Narrative Nonfiction Review: The Premonition

June 9, 2021 Uncategorized 7 ★★★★★

Narrative Nonfiction Review: The PremonitionTitle: The Premonition: A Pandemic Story
Author: Michael Lewis
Source: Library
Links: Bookshop (affiliate link) |Goodreads

Summary: Every reader should check out this gripping, accessible story of the US COVID response.

As the New York Times Book Review-er John Williams says in a cover blurb “I would read an 800-page history of the stapler if [Michael Lewis] wrote it”. I know this is true, because I’ve already books by him on stats in baseball (Moneyball) and the housing crisis (The Big Short). However, I thought this was by far the best of his books I’ve read and I think part of that was due to the fascinating topic. Here, the author looks at the state of pandemic preparedness in the US pre-COVID. Then the second half of the book gives us an insider look at people who did their heroic best during the early days of the COVID crisis and at why our systems failed anyway.

I must admit that this is a book I just want to rave about and then shove into your hands as much as its one I want to write something sensible about. There are a few distinct qualities that made me love it though. The author does a great job explaining technical info. In this case, some of his best explanations come from the people he covers. They’re used to explaining things to non-experts and they use analogies to do this very well.

The author also picked two incredible people to focus on. Doctor and self-taught epidemiologist Carter Mecher is likely to feel like a familiar figure to anyone who has read The Big Short. He’s a quirky, clever person who seems more personable than the brilliant analyst Michael Burry, but has a very similar gift for spotting connections others miss. Santa Barbara County Chief Health Officer Charity Dean is easily the most impressive person I’ve read about. It seems that she’s a rarity in her field as someone willing to lose her job for making decisions that might either be overreactions or save a ton of lives. The choice to err on the side of caution while the pandemic silently raged struck me as one of the greatest errors in the US response to COVID. Dr. Dean would not have made that mistake. I was in awe of her ability to decisively make life-or-death decisions that people would only notice if she got them wrong.

As you can tell from my description of Dr. Dean, this was a story with gripping stakes. It was infuriating to watch the system to fail, but inspiring to know that people like her are trying to make sure this never happens again. I couldn’t put this book down. If it’s made into a movie – and I very much hope it is – I’ll be first in line to see it. Definitely one of those books I recommend to every reader. It’s so accessible and, especially if you’re in the US, so relevant that I think even people who don’t typically read nonfiction are likely to enjoy this one.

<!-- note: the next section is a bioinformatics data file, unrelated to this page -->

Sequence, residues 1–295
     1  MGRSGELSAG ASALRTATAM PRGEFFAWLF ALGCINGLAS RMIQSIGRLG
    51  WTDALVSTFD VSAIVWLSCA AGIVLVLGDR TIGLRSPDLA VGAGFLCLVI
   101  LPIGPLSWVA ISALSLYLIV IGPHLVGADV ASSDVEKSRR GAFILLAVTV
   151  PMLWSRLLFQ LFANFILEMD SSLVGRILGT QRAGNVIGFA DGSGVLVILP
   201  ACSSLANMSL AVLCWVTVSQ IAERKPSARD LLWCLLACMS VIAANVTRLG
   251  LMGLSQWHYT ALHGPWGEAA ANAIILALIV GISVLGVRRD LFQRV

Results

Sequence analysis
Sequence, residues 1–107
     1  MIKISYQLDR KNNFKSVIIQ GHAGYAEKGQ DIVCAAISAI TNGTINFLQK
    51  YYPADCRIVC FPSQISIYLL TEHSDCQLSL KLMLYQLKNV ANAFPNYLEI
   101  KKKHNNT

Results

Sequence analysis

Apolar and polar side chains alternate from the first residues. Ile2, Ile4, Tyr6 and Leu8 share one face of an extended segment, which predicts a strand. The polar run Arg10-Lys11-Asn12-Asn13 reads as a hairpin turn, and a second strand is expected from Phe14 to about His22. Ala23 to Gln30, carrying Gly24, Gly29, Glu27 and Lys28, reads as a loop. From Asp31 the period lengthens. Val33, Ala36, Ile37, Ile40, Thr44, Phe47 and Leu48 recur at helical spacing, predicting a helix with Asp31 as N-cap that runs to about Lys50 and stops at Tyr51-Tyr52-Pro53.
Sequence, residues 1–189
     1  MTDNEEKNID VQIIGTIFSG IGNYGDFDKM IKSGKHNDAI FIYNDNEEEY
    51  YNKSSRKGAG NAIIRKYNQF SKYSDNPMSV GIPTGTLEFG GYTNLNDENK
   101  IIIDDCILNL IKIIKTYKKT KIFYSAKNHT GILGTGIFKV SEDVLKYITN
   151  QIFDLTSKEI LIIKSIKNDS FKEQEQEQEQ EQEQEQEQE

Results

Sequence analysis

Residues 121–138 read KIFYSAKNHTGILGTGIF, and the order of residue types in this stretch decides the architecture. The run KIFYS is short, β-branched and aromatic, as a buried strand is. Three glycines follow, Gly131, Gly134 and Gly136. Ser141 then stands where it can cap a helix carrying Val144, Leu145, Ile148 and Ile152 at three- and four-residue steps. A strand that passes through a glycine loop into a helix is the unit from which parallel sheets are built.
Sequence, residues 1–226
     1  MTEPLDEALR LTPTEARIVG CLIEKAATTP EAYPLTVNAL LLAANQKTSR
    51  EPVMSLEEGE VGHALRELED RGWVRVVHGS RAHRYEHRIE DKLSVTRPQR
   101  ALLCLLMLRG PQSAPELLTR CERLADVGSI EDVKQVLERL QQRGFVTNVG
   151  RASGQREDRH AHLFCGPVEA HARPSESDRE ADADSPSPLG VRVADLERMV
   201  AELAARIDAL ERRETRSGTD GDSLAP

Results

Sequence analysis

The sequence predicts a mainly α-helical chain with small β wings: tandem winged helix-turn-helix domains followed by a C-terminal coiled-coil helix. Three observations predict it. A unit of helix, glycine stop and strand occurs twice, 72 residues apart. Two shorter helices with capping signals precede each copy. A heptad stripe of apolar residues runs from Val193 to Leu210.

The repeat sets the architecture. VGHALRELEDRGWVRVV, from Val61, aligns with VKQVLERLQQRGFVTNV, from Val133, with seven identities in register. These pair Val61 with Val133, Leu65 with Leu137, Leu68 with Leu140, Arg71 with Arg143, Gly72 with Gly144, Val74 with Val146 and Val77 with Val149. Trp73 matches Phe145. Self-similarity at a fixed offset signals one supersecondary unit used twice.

7 Responses to “Narrative Nonfiction Review: The Premonition”

  1. Heather

    I’ll have to pick this up now. I just picked up Wright’s Plague Year. Yep, reading all the Covid books now. I don’t know how I missed this one!
    Heather recently posted…June Is HereMy Profile

    • DoingDewey

      I have to admit that I’ve mostly not been ready to read about COVID yet, but I do really like Michael Lewis and the premise of this book, with a focus on the lead-up to 2020, appealed to me enough that I made an exception 🙂 Have you read any you’d particularly recommend?

  2. Rennie

    Welp, immediately onto the list it goes (ugh, 255 holds on the physical book and 710 on the ebook…it’s gonna be awhile). I hadn’t even heard of this one and I don’t know how, because I’ve been trying to keep up with what Covid-related analysis is coming out. I’m excited for Lawrence Wright’s The Plague Year because he for me is exactly what’s described in that quote – I think in my review of his last book I said I would read a book about his breakfasts if that’s what he wants to write next. So I’m really enthusiastic about an author who feels similarly for you 🙂 And it sounds like he selected some excellent figures to tell this story. Wonderful review, I’m so looking forward to this!
    Rennie recently posted…Love, Loss, and What Fish AreMy Profile

    • DoingDewey

      Honestly, I’m always going to be surprised if you’ve not heard of a book I suggest already because you’re always so on top of reviewing new releases! Sorry to hear there are so many holds; hopefully there are lots of copies too.

      Sounds like I may need to check out Lawrence Write as well! I’ve been hesitant to start in on the books about COVID, but I really enjoyed this one and didn’t find it too much to deal with after the past year, so I’m open to trying another one 🙂

    • DoingDewey

      Oh boy! It’s cool you have that connection to the book, but yes, very good that you’re not with that doctor anymore. I really enjoyed this one 🙂

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